At the working level, some say that France's tortured relationship with its big transatlantic ally has always been good.
"Americans are mistaken about the French always taking the opposite view simply to be contrarian. The Gaullist legacy was to pursue an outwardly independent line, unlike Britain, which has traditionally tried to influence Washington from the inside," said Jeremy Shapiro, an expert on France at Washington's Brookings Institution, who pointed out how France used its influence in Lebanon for the benefit of its Western allies.
During last year's conflict between Israel and Hezbollah militants in Lebanon, it was the French who persuaded President Bush to wait for a ceasefire before sending in a multilateral peacekeeping force.
United Europe in French interest
One thing that both candidates recognize is that Europe needs to be united to be influential on the world stage. The French referendum on the EU constitution produced a shocking "no" in a nation that has always supported EU integration.
Voters said "non" to the constitution
It is a top priority to get the European bicycle rolling again, according to Pierre Lellouche, Sarkozy's foreign policy advisor.
"What we propose is a simple mini text that would get Europe back on its feet and put it through Parliament this time. We want to get this done while Madame Merkel is still in charge of the EU presidency," he said. A constitution that addresses technical points of procedure is vital for a bulky Europe of 27, whereas Royal has instead proposed another referendum on a similar document at a later date that stands the risk of being rejected again, according to Lellouche.
The differences between the candidates is more one of approach rather than substance, with Sarkozy being the better strategist, according to Andrew Moravcsik, director of the EU program at Princeton University.
"Many pro-European socialists I know who are active in public life privately admit they'll vote for Sarkozy. The European issue is more important to them than party loyalty," he said.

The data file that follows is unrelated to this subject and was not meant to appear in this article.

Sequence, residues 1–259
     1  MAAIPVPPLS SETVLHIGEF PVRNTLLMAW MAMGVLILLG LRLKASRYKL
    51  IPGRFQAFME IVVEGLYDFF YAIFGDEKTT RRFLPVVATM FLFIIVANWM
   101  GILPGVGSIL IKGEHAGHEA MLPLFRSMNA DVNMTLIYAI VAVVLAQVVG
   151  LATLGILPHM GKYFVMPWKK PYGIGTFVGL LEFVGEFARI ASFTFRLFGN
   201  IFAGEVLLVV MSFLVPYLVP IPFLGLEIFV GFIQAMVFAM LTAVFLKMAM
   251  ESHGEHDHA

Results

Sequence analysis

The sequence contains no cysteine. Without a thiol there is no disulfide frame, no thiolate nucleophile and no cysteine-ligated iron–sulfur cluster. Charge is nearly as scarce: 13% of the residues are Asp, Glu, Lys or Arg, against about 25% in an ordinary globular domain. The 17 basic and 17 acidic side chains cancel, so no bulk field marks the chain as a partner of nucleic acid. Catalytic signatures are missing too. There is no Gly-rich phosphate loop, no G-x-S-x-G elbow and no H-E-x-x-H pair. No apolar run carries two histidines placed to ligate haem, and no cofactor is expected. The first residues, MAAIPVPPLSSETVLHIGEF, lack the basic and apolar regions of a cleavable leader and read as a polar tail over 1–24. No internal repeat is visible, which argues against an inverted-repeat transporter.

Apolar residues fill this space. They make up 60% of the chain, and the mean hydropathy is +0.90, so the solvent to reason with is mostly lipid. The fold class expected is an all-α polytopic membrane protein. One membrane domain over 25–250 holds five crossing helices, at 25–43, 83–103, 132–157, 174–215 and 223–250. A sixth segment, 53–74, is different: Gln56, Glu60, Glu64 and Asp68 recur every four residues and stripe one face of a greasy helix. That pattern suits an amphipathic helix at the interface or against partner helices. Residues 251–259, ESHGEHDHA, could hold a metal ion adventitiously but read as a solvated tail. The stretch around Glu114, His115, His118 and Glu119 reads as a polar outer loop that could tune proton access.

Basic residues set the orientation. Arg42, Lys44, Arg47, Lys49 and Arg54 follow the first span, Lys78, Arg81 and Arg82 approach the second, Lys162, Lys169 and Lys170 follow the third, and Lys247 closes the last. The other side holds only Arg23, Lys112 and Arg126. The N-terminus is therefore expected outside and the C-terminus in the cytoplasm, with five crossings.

Sarko-Sego differences in political strategy, not substance
Sarkozy und Royal will face off in televised debates on Wednesday before the vote on Sunday May 6
"Royal played it wrong. She made crisp campaign promises that she can't duck. She said, 'we need to have a referendum'. The simple bottom line is that Europe is not a salient issue in the minds of voters," said Moravcsik, who explained that voters should not be forced to take a position on a complex constitution they have trouble understanding.
"Sarkozy on the other hand, is clever. He is opposed to Turkey in the EU, and is giving the public what it wants to hear. Even if he serves two terms, it's unlikely he'll be called upon to do anything about it. His tactic is 'I make a promise that I don't have to keep'," he added.
Missile defense in Europe
On the issue of missile defense in Europe, Lellouche, who is a possible contender for national security advisor in a Sarkozy cabinet, said it was "absurd" that the Americans are taking the lead.
"Why aren't we doing this for ourselves on our continent? After all, the threat from the Middle East is closer to us," he said. "We need to at least look at our own surveillance potential in France and push it at the European level."
Experts agree that whether it will be Madame or Monsieur le President, Franco-US relations can only get better.
In less than two years, George W. Bush will be gone. Even Republican Congressman Walter B. Jones, who instigated the move to excise the word “French” from the English language, has come out against the war in Iraq. And french fries are once again on menus on Capitol Hill.